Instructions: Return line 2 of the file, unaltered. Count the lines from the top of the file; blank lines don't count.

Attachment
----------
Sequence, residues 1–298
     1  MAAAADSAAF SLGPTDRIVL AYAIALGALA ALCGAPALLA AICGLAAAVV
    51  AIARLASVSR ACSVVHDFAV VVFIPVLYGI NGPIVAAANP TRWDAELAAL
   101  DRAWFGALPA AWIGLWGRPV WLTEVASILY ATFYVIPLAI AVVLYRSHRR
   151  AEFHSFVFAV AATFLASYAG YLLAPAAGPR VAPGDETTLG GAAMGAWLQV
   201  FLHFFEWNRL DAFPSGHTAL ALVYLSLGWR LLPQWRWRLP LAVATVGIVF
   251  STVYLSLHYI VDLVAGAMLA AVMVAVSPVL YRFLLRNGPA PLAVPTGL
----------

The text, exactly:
     1  MAAAADSAAF SLGPTDRIVL AYAIALGALA ALCGAPALLA AICGLAAAVV